Today, Both ENDS, Friends of the Earth Netherland, TNI and SOMO launch a report (Dutch only) that analyses the damage that ISDS has caused over the past 50 years. The report shows what alternatives exist and how investment treaties could also protect environmental and human rights.
The report is being presented in the run-up to government review of Dutch BITs. In total, the Netherlands has 90 investment treaties.
A global power tool for multinationals, created and popularised by the Netherlands
Exactly 50 years ago, the Netherlands started ISDS – a system by which companies can sue states outside of national courts. The Netherlands first applied ISDS to an investment treaty with Indonesia in 1968. Many countries followed the Dutch example. There are now more than 3,000 treaties with ISDS clauses worldwide.
ISDS is often part of a so-called Bilateral Investment Treaty (BIT): a treaty between two countries which regulates the protection of foreign investors. A BIT lists only the rights of the foreign investor but contains nothing binding on the duties and responsibilities of that investor.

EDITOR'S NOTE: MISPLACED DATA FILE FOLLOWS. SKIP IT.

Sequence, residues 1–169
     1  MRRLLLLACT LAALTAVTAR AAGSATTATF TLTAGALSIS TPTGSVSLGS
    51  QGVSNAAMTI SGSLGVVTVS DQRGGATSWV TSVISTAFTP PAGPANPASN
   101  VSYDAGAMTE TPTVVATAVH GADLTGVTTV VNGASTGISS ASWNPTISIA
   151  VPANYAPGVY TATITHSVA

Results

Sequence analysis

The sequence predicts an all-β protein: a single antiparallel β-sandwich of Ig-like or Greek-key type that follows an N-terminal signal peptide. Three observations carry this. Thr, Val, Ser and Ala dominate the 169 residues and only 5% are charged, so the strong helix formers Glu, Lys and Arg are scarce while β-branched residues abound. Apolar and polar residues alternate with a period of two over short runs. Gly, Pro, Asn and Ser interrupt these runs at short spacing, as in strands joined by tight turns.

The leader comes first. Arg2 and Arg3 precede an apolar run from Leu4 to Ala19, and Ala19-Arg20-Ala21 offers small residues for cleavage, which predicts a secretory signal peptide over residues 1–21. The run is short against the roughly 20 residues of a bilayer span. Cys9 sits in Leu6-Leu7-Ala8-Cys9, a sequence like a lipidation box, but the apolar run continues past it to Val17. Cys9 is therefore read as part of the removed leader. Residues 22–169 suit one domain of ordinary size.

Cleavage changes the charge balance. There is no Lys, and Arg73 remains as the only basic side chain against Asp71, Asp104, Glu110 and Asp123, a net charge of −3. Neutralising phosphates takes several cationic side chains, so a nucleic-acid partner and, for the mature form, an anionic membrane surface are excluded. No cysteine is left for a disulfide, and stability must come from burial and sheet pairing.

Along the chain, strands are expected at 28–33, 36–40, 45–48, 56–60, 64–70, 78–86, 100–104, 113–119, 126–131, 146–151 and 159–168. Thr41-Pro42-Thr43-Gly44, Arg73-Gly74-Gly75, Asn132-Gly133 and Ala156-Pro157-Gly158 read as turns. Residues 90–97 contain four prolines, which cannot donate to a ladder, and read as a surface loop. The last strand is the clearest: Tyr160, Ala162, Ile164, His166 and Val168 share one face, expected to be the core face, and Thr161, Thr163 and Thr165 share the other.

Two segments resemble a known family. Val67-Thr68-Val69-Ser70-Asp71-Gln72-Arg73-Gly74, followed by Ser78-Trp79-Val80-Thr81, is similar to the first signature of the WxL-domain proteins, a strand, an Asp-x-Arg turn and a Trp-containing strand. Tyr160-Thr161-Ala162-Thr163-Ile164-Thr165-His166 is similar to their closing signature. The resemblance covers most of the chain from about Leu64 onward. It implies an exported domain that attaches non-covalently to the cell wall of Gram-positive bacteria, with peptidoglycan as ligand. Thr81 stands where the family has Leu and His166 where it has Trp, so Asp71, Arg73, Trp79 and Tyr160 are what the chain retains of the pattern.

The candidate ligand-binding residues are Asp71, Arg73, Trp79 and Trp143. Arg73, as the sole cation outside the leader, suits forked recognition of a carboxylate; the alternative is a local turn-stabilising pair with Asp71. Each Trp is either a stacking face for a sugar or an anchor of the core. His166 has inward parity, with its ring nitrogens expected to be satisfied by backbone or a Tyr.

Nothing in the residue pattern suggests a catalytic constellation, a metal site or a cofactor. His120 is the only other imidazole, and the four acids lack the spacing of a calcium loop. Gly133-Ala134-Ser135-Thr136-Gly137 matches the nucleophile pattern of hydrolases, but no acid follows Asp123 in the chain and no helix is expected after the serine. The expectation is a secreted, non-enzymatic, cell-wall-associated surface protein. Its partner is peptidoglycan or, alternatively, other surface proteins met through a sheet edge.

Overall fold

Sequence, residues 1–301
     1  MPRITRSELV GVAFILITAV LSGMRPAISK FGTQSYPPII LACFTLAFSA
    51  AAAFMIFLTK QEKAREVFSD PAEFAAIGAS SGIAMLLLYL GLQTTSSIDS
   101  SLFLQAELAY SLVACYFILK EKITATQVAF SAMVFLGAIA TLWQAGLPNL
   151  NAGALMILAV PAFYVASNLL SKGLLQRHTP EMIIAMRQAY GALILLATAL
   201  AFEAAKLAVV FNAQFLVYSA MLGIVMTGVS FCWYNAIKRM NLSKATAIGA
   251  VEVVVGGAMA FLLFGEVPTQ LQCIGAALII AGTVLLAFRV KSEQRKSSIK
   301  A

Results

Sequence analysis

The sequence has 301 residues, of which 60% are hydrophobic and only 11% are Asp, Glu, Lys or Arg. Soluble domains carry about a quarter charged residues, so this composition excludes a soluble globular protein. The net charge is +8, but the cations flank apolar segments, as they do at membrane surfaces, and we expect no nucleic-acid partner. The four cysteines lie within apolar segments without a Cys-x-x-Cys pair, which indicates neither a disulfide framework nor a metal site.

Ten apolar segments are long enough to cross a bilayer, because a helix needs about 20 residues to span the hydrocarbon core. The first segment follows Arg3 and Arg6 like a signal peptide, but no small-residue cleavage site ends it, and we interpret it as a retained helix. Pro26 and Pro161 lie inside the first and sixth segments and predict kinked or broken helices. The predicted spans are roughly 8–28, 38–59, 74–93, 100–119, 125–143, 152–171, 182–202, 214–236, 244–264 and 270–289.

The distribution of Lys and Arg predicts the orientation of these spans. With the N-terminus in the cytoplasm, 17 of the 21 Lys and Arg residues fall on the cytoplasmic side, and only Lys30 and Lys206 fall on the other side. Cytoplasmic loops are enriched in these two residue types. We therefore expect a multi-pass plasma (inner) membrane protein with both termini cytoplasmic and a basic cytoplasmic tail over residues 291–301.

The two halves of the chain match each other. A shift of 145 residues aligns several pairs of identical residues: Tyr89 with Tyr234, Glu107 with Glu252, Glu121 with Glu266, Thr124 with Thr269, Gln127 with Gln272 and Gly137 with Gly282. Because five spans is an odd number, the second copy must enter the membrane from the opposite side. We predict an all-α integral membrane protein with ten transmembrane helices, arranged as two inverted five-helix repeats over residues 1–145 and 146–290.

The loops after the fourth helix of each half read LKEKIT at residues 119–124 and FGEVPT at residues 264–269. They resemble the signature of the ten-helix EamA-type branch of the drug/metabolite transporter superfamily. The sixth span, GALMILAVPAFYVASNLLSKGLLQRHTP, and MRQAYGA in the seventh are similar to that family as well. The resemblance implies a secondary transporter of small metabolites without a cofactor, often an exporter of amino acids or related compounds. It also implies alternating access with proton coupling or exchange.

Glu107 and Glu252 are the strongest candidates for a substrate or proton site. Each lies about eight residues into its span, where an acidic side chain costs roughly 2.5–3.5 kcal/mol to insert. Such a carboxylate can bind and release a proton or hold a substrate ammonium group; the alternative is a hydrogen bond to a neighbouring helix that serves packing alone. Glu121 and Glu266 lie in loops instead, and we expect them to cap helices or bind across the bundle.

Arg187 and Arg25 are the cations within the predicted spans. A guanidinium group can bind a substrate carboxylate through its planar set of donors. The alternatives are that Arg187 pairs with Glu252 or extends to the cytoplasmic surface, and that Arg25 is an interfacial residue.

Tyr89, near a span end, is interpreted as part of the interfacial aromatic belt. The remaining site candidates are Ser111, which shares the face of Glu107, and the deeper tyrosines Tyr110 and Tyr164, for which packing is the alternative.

Political means to power
International investment treaties and ISDS clauses give multinational corporations means to significant political power. A government can be served with an ISDS claim when multinationals believe that government decisions and new legislation could threaten their investments, possibly resulting in lower profits. Claims can also be made against regulations that protect citizens, such as labour rights and food safety standards, or measures that protect the climate and the environment.
The threatening effect of ISDS clauses can halt or mitigate social and environmental policy. Countries are often unable to cope with the intimidating legal strategies used by multinationals.
Read the publication “50 years of ISDS” (50 jaar ISDS, only in Dutch, see download below) or the English article Fifty years of ISDS: more than $US 100 billion claimed via the Netherlands.read more less